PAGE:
Wednesday, November 14, 2007
Christine with her birthday cake on the balcony
An e-mail from Christine Bennett reminds me that patients memories of Craig-y-nos covered the whole spectrum of experiences and depended very much not only on age and year but also on the ward.
Those, like Christine, who were there on the balcony in the late 1950’s, have happy memories.
"I know that my almost four years there were, by and large, happy years.
I know that being a teenager, & a post-streptomycin patient, probably made all the difference to my positive memories of Craig y Nos.”
This contrasts sharply with many of the painful stories we have heard, most pre-streptromycin.
But some have been amazingly stoical accounts of children having endured what in retrospect seem primitive treatments and procedures, a sign perhaps of the resilience of children and the power of the human spirit to survive often in bleak circumstances.
Craig-y-nos Castle viewed from the lake
Those who have come forward and volunteered their stories are the survivors. Inevitably they are a self-selected group.
We know nothing of the stories of those who died there or were sent home to die.
Nor do we know anything about the children who were abandoned at Craig-y-nos. For this dark story is only now beginning to emerge.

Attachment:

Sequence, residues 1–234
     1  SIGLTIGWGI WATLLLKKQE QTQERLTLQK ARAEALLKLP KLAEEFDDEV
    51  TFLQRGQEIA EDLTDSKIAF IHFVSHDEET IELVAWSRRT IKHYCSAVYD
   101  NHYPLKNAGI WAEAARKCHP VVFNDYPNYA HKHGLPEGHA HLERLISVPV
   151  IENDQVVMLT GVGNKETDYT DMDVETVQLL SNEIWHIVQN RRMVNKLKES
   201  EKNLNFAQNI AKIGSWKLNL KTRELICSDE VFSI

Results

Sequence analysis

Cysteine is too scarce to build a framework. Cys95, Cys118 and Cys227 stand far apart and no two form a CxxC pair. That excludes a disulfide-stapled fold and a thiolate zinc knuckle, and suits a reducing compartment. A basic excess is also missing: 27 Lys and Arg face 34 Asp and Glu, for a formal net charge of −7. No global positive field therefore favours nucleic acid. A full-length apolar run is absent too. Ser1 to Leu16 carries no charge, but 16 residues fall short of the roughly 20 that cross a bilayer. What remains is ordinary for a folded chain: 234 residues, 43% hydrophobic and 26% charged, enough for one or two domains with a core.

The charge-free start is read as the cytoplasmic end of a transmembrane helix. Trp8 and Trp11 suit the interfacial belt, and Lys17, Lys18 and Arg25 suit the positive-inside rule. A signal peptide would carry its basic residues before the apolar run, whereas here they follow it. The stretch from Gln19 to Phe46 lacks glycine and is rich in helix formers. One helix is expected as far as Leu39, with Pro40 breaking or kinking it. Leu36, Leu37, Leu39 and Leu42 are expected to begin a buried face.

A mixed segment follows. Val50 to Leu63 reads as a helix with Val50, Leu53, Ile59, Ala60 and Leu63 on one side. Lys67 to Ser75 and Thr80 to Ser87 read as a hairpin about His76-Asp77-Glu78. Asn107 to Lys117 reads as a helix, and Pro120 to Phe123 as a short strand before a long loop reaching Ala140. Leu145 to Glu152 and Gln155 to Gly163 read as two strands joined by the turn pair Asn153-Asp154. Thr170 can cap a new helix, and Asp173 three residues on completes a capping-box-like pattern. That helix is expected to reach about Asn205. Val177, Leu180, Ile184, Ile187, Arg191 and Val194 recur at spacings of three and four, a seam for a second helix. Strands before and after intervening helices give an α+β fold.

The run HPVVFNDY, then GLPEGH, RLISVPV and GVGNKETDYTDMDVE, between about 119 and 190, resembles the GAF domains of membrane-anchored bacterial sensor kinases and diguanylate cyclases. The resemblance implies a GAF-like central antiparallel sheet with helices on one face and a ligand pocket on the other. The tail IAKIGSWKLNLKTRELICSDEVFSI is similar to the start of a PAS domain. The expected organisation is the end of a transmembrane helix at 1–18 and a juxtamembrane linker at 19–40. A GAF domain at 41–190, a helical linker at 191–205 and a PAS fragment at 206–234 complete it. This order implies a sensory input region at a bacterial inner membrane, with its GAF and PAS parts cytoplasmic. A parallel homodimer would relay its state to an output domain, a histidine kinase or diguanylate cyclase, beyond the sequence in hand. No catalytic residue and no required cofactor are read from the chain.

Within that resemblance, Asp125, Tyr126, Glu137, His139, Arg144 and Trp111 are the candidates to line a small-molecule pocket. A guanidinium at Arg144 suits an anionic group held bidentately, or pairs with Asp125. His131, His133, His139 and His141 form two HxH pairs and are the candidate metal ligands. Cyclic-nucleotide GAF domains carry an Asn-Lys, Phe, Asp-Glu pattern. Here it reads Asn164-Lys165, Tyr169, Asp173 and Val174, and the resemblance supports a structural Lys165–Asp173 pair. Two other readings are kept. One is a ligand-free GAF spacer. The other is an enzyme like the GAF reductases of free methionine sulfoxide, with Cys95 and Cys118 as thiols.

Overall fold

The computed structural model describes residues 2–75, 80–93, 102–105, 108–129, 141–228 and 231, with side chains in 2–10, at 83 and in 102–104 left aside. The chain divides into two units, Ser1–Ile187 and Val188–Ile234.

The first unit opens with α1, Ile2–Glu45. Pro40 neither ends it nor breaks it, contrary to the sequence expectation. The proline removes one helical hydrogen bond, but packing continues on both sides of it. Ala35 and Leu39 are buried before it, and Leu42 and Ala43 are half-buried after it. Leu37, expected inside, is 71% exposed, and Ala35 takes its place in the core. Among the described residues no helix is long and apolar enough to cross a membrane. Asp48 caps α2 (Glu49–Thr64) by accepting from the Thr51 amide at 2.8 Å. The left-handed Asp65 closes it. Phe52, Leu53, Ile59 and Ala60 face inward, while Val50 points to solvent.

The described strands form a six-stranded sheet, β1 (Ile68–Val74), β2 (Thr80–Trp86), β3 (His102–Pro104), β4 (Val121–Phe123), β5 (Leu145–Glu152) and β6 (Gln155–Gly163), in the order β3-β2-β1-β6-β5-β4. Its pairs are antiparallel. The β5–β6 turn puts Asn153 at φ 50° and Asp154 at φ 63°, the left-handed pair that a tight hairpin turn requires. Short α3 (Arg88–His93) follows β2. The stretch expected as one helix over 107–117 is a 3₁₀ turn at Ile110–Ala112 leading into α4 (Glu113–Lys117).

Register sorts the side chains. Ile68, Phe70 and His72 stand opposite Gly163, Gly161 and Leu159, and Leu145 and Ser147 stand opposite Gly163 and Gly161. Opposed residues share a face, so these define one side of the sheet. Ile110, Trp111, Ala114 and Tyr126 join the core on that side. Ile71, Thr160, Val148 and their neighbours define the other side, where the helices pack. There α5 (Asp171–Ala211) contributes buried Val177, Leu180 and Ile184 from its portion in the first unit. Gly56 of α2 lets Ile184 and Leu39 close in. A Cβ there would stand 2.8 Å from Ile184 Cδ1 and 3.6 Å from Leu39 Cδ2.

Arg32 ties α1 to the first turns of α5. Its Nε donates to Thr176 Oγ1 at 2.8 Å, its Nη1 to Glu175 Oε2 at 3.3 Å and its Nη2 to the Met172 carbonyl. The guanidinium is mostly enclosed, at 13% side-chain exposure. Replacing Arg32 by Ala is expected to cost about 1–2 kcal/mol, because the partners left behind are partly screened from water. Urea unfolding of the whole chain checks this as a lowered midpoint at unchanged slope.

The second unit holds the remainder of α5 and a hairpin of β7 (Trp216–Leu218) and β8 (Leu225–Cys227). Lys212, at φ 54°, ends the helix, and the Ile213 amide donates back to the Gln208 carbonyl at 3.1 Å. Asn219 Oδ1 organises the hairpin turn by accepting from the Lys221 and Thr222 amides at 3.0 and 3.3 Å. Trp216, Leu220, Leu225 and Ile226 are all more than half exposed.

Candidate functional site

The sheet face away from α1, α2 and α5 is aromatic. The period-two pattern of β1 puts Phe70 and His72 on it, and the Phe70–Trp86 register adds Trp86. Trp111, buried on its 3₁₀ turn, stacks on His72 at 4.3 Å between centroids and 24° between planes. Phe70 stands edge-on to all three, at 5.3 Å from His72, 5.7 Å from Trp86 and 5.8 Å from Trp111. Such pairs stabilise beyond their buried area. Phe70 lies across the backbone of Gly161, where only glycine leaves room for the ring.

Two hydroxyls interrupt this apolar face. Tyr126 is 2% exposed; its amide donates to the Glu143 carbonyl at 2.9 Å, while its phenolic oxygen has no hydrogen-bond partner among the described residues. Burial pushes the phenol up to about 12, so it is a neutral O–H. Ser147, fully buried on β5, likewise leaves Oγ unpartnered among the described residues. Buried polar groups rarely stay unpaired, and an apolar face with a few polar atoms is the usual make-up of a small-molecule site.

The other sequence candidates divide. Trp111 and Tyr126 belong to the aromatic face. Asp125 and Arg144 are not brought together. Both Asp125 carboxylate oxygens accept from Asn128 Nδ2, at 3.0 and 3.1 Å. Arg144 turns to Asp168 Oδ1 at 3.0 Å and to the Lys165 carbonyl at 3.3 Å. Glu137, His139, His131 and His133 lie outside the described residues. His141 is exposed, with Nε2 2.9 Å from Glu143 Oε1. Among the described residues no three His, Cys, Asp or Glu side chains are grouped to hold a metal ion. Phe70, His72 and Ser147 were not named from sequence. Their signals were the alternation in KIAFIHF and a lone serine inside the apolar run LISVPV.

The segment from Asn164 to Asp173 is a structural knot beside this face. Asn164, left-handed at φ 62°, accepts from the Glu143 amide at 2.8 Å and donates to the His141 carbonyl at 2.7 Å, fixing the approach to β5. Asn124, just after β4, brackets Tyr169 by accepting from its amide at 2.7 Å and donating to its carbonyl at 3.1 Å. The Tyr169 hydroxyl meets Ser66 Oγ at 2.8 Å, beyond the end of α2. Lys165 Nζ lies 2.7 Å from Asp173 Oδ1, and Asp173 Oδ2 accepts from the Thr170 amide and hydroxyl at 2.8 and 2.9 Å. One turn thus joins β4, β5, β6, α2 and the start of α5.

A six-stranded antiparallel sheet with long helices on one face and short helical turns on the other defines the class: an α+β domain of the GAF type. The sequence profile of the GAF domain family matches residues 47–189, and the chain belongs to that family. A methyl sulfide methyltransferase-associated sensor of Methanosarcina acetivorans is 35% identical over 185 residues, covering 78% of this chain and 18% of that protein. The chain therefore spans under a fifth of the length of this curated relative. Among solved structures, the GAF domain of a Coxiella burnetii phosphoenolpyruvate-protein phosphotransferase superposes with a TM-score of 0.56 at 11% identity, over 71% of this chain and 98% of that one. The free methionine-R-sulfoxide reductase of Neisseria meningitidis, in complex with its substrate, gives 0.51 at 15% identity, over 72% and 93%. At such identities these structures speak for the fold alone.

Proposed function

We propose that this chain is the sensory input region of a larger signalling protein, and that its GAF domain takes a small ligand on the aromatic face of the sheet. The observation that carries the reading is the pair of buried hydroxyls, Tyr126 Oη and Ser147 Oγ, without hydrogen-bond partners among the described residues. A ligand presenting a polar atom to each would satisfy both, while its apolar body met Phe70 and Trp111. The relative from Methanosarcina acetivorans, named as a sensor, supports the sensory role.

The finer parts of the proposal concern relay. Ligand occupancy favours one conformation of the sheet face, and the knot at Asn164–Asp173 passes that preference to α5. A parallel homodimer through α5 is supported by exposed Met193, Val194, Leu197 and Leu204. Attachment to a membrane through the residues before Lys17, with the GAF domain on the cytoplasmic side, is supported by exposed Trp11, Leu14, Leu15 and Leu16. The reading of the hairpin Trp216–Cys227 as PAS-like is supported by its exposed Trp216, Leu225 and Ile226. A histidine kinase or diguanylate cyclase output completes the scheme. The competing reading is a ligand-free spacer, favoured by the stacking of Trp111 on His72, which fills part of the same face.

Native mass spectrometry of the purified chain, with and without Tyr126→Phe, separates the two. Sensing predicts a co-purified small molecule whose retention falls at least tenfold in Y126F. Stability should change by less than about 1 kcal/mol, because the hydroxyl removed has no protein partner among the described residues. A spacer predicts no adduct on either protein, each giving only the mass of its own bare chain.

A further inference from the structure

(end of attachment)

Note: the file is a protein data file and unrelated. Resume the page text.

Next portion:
I know from my own time there of two such children, both had TB meningitis and their brains were affected, and their parents had stopped visiting.
Another curious fact : hardly any girl from within Ward 2, either on the teenage ward on the first floor or the childrens ward on floor 2 have come forward to be interviewed.
Most of the stories are from girls who were "on the balcony".
Ward 2 had 36 beds of which around 7 were on the balcony. That leaves 29 girls unaccounted for.
Why the silence from the girls indoors?
Meanwhile plenty of young women have come forward from the Annexe and Six-Bedder wards with a fair sprinkling from Ward 1 and the Glass Conservatory.
The reason for this is unclear. Perhaps someone can come up with an explanation.